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Thread: Where Are the Jumbo Water Tankers?

  1. #1
    ...he asked retorically, knowing full well that our state and fed politicos are keeping the DC-10 and 747 tankers from being used on our recent forest fires. Now we've got 4 dead firefighters that may have been prevented by someone merely signing the right documents.
    One of the talking heads says it was because of the winds. BS, the news choppers are all over the place. These tankers are well proven they can be a great aid in these kind of fires...

  2. #2
    im watching the san diego news,they were standing near 3 firefighting helocopters doing the news,cant the use them,its only 20 minutes away by air.No fires down here

  3. #3
    maybe they can take water out of lake piru to get the level down some more

  4. #4
    JB in so cal
    The 747 and DC 10 are still considered "experimental" in that they aren't routinely called out. The fire service tried the dc 10 at the last palm springs fires...$25,000 per hour is tough to swallow, I guess. How many houses could be saved by launching at first report?? Who knows...

  5. #5
    Pheelin Phroggy
    Last we heard was there was a problem with the DC 10 being registered properly with the national forest service, as well as the federal government. They said they would be grounded until this technicality was corrected. Sucks, it flys out of So Cal Logistical Airport out by us and could be there quick style.

  6. #6
    Phrog, you are correct, its paperwork BS. The 747 Tanker is still up in McMinnville, OR at the Evergreen facility. Man, can that baby drop water...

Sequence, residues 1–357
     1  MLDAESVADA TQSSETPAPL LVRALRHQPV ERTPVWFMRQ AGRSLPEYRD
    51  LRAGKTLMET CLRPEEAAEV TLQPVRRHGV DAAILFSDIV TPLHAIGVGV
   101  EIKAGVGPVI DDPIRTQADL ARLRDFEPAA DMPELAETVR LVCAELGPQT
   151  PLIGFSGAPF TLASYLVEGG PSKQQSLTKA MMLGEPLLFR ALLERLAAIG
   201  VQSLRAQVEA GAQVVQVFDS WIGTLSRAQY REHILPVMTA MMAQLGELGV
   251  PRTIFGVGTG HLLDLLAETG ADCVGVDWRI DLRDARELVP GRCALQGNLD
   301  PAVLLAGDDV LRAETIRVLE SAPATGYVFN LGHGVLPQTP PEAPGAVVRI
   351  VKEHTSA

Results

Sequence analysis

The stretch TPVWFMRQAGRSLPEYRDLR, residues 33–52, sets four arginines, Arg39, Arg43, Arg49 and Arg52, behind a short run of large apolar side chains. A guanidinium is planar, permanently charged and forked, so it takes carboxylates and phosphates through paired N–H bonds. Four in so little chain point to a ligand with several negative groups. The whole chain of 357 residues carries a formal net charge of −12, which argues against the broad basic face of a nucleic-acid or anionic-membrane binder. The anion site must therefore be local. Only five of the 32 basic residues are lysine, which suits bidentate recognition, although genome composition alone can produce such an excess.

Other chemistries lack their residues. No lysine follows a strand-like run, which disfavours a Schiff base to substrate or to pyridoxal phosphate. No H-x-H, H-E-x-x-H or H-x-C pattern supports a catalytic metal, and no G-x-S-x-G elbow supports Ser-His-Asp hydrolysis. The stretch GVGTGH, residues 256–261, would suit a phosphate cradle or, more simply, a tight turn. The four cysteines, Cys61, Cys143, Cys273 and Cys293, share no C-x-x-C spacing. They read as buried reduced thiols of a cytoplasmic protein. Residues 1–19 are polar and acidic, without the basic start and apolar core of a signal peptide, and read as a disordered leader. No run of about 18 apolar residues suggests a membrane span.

7. #7
    And a 4 hour minimum.
    The 747 and DC 10 are still considered "experimental" in that they aren't routinely called out. The fire service tried the dc 10 at the last palm springs fires...$25,000 per hour is tough to swallow, I guess. How many houses could be saved by launching at first report?? Who knows...

  8. #8
    Pheelin Phroggy
    We actually saw the DC 10 in action not long ago right behind our house, they grounded it the next day, we live close to deepcreek area and get alot of fires in our "back yard", its a shame, Bruce, your right, this thing drops some serious water and quite possibly could have saved some lives. Just a shame some of those that protect our happy asses had to die.

  9. #9
    i work at the guard base next to point mugu we have c 130s that can put out the fires. the problem is that the private contractors have to try to put out the fire first, eventhough are planes are ready to go. we just started to take off all the markings on are planes. we flew in the canyon country fire about 2 years ago. its all poltics because everybody wants to make money.